7 Questions to Ask When Choosing a UX Consulting Company
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Nov 2, 2016 | Updated Jul 11, 2024

7 Questions to Ask When Choosing a UX Consulting Company

If you're looking for a new UX partner to help you move your product or business forward, here's where to start.
A closely cropped black & white headshot of Roxanne Neal


Roxane Neal


So your company needs a redesign to deliver a better user experience but doesn't have the skill set internally. If your project requires the skills and expertise of a UX consulting company, you may not know where to start. What can you do other than review their website and social media channels? What should you know before choosing a firm?

If you need some guidance, we're here to help. Here's what to ask in a UX consultation.

Working style

You need to choose a UX firm whose workflow is compatible with your own. These questions cover everything necessary to get work done, such as your communication styles, your collaboration preferences, and the extent of your involvement in the process.

1. Does your team work on-site at our location, or do you stay in your space?

Innovative thinking is important in a UX partner, as is close collaboration. That's why you should ensure the firm's preferred daily engagement method aligns with your expectations. Not all firms embed full-time into your team.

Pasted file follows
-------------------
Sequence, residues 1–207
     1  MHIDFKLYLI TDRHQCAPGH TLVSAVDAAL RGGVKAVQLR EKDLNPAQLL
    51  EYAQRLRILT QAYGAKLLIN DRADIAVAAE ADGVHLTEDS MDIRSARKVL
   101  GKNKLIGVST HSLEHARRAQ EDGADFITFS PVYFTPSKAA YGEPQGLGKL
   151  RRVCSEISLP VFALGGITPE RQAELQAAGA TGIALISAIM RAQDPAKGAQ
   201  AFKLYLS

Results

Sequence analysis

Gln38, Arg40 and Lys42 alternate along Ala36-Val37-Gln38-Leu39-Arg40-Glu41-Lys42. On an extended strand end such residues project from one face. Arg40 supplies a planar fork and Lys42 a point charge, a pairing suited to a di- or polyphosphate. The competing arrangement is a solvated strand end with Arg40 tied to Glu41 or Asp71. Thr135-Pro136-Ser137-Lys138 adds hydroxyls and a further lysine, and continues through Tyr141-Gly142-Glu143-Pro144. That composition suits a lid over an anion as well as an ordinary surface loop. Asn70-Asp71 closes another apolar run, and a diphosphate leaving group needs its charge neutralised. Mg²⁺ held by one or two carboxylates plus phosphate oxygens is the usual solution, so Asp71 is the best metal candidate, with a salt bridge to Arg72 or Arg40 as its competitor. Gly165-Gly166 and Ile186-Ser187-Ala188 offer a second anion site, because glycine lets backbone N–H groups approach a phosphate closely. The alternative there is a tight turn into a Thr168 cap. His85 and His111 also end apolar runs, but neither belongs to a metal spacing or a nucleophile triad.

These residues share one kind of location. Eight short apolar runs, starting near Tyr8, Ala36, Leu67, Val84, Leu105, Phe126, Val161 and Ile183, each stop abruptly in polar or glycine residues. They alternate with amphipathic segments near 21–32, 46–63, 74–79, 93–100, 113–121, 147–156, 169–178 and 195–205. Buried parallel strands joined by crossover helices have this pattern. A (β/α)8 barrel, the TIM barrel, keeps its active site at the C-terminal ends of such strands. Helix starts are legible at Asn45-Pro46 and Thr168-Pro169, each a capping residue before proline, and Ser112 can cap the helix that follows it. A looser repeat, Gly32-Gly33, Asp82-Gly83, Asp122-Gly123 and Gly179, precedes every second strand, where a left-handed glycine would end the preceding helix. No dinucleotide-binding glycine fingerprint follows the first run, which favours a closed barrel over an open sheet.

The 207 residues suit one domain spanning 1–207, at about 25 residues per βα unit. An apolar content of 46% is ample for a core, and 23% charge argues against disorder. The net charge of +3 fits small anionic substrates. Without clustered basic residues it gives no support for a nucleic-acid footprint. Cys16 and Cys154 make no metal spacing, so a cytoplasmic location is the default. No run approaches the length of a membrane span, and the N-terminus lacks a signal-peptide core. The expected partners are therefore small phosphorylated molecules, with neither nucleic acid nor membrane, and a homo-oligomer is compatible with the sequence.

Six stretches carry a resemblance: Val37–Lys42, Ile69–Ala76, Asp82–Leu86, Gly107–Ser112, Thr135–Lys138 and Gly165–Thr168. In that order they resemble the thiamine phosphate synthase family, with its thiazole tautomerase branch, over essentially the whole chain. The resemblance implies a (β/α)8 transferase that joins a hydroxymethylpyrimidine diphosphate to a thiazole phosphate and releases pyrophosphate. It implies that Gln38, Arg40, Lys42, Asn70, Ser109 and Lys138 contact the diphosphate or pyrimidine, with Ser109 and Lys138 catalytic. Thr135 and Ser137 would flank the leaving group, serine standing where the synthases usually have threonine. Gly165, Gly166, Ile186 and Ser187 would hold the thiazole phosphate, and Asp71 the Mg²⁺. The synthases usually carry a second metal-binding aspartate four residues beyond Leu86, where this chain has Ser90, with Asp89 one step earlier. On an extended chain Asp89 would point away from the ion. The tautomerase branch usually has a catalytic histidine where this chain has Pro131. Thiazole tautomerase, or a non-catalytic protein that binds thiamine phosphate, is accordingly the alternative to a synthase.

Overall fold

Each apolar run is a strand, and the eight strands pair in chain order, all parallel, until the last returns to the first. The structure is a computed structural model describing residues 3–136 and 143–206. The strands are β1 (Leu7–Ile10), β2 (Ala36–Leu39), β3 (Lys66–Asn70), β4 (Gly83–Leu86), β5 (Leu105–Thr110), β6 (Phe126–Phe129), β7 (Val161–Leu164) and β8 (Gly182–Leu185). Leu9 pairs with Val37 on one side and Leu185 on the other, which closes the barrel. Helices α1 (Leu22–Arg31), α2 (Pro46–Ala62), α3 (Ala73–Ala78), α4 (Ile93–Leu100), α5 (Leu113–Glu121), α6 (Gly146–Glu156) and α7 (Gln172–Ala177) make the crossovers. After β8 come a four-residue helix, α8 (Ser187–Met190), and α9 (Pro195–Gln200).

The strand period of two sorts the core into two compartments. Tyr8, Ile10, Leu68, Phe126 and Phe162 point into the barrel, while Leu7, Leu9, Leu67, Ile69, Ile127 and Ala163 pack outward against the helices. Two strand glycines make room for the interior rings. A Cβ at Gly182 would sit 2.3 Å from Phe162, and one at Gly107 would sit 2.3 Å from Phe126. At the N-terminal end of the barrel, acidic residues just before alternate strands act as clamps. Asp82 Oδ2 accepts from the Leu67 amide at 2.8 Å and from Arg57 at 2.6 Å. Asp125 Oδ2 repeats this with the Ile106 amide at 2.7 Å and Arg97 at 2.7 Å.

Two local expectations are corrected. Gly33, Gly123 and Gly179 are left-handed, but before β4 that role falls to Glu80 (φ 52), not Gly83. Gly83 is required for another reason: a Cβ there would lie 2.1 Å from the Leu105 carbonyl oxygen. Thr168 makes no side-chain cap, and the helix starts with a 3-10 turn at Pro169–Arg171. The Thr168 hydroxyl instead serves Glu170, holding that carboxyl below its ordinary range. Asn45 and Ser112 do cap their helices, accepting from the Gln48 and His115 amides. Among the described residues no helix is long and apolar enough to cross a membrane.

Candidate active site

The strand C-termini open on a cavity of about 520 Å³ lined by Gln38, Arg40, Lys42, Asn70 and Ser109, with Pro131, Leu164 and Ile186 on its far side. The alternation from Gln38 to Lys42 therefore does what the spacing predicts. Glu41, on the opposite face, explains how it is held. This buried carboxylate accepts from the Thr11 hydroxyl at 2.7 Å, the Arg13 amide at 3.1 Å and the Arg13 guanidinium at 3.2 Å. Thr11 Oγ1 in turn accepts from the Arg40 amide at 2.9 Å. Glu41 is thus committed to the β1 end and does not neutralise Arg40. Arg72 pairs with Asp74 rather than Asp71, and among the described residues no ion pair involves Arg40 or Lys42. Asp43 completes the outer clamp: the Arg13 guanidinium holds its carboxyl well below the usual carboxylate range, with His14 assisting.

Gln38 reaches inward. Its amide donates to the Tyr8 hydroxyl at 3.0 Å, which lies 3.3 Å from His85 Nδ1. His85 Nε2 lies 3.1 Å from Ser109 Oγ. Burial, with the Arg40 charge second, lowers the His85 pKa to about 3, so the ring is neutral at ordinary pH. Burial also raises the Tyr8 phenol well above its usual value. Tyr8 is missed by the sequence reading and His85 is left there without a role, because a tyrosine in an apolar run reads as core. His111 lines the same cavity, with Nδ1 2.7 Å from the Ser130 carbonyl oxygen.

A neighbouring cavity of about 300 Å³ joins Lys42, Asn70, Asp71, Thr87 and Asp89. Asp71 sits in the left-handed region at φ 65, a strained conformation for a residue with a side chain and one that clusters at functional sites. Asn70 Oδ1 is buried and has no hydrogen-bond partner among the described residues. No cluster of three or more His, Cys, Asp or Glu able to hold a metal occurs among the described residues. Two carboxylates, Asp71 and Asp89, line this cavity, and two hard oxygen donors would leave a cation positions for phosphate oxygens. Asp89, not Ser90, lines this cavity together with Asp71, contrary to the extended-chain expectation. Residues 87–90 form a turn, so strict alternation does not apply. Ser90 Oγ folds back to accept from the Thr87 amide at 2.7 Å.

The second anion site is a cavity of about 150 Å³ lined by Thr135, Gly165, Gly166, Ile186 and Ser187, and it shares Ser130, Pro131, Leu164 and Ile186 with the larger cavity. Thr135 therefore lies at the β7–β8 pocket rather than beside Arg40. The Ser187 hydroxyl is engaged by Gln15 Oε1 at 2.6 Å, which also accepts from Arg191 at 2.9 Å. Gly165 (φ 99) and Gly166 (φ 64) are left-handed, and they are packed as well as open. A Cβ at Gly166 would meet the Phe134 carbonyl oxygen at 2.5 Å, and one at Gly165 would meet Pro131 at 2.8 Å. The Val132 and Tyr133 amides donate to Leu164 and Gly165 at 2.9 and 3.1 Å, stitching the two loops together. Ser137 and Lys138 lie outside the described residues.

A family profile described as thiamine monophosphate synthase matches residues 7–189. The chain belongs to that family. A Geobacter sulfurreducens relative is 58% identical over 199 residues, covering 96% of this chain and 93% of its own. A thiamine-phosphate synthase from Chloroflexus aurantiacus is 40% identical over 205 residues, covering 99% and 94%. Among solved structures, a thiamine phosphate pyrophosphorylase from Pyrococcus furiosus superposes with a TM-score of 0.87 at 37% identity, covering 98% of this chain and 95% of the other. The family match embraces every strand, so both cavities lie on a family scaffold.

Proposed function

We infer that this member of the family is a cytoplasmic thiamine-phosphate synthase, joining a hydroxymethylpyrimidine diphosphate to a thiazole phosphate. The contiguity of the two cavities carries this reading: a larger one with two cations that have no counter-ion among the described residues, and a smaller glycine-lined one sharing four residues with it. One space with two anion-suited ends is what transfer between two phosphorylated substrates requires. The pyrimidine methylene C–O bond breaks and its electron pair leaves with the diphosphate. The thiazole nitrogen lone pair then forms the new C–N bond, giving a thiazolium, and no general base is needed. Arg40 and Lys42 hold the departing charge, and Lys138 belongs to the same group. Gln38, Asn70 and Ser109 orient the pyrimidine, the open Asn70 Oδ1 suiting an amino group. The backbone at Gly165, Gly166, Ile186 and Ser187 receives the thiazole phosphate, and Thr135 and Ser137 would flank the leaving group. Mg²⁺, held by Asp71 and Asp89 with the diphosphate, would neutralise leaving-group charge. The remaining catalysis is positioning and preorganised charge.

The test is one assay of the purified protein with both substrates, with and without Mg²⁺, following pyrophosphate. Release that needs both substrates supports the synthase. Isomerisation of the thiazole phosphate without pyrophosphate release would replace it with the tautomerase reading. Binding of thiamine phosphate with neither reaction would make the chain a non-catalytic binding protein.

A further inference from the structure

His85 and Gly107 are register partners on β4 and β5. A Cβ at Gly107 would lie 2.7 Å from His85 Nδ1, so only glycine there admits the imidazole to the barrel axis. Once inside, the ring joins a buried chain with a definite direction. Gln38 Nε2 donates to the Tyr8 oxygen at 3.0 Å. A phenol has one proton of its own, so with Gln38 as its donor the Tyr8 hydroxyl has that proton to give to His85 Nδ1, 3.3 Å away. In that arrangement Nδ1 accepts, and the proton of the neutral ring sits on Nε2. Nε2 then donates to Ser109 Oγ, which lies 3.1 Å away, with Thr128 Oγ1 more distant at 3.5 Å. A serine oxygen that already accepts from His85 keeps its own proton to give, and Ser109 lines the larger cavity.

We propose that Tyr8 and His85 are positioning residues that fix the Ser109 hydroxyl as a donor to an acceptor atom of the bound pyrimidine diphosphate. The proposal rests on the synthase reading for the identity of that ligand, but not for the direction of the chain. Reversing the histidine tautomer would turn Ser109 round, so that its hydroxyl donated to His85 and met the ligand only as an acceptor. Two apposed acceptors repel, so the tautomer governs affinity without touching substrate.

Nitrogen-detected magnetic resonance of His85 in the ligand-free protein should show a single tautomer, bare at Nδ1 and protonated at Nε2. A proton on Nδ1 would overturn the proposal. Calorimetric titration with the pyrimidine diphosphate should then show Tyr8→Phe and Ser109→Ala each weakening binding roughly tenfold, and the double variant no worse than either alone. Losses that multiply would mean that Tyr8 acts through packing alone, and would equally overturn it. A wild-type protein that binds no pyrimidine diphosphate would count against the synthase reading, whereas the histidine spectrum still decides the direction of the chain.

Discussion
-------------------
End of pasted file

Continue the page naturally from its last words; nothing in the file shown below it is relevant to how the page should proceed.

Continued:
At Blink, for example, we work both ways. Our consultants work in our studios for some projects when it provides the best environment for getting work done — though we also spend plenty of time on-site in direct communication with our clients. In other engagements, we may embed our teams with a client's engineering teams during implementation to make sprints as efficient as possible. Understanding a client's location expectations is essential for determining whether we are a good match for their project.

2. What methods do you use for communicating with your clients?

Collaborative projects such as UX design and research require that you and your UX consulting partner agree on communication expectations. Whether you prefer real-time chats or scheduled phone calls, sharing the same communication philosophy helps keep your projects on schedule.

For example, while the firm may prefer daily syncs, you may want less frequent communication. On the other hand, you might want to be able to reach them quickly by instant message (IM), but they may be slow to get back to you. You may want to have critical conversations in person, but the firm may want to use video conferencing instead. Misaligned communication styles can create inefficiencies within the process and interfere with your project's overall chances of success.

3. What is your strategy for managing distributed teams?

Sometimes, you have to look beyond your local offerings to find the best fit. When your UX firm is too far away to meet in person easily, you need to know whether their team will travel for face-to-face meetings such as workshops or kickoffs.

Ask which communication tools a firm uses with its remote development teams. Do they use video conferencing services such as Skype or Zoom? IM platforms such as Slack or Microsoft Teams? Productivity tools such as Asana or Airtable? Ideally, they will use a tool that is compatible with your existing systems.